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I have just completed two courses on watch repair by Mark, and I am in the process of servicing my first watch - a 565 cal. Omega Seamaster from 1979.

I have owned an automatic Tag Grand Carrera cal. 8 for the past decade, I don’t have any other watches apart from that. 

While I am new to restoring watches, I do have a few years of experience restoring vintage fountain pens. I have a modest collection of pre 1950 MBs, and I also have a website dedicated to vintage montblancs.

Anyway, I hope to learn much from this community and contribute to the pool of knowledge being built here!

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It may be wise to start on a watch movement you don't care about. It is easy to loose parts or break something. I also just finished the first two of Mark's courses and I am working on some cheap movements I got off of ebay. Just a thought.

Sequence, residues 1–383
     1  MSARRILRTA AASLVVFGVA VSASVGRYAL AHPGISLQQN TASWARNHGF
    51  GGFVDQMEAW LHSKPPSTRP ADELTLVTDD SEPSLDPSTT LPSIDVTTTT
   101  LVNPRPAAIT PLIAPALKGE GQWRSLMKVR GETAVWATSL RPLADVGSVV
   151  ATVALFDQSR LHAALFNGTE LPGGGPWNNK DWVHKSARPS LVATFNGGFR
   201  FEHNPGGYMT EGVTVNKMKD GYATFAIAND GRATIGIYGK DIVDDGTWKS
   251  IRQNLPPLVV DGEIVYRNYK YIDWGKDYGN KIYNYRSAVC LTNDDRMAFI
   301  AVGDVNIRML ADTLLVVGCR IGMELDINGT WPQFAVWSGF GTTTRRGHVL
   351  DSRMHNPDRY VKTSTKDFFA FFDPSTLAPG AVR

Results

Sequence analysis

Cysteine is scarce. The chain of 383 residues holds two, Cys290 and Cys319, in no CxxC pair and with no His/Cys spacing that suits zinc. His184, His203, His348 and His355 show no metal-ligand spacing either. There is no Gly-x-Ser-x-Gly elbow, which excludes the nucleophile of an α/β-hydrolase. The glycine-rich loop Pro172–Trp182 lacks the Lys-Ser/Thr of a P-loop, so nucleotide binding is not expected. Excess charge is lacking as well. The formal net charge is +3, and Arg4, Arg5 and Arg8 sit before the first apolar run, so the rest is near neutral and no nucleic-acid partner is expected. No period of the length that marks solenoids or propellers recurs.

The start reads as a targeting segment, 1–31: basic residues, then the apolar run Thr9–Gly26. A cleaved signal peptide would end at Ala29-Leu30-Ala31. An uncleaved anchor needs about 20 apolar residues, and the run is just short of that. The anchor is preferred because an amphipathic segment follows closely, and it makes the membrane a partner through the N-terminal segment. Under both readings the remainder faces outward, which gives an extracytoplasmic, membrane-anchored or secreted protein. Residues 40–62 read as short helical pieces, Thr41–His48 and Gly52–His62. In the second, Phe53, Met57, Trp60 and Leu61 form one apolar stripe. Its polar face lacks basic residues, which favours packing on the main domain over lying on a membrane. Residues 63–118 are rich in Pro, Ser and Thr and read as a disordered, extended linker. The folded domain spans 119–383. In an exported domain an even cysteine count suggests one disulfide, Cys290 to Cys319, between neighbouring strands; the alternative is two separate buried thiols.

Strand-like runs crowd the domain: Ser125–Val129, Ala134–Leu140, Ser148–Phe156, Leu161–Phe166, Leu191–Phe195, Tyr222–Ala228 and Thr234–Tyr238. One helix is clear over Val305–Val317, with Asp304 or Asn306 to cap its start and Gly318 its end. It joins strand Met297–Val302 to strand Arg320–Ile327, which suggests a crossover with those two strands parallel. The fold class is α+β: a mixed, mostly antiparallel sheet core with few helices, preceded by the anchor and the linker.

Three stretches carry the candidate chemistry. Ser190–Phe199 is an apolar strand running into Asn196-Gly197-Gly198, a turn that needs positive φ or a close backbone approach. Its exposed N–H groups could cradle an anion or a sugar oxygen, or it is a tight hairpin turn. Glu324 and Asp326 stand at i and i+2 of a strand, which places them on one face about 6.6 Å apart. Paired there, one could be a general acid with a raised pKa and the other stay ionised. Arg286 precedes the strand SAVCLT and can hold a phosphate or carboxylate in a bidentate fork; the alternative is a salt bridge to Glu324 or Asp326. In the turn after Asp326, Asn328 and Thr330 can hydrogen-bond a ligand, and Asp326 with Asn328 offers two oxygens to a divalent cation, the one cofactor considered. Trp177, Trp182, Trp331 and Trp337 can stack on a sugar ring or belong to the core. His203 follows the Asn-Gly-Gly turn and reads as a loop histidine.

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On 8/6/2019 at 12:11 AM, DFeryance said:

It may be wise to start on a watch movement you don't care about. It is easy to loose parts or break something. I also just finished the first two of Mark's courses and I am working on some cheap movements I got off of ebay. Just a thought.

Yes that would be wisest. I got this off eBay for a decent price - cheap enough to not hurt too bad if I mess it up, but at the same time nice enough to care about actually succeeding. You know what I mean?

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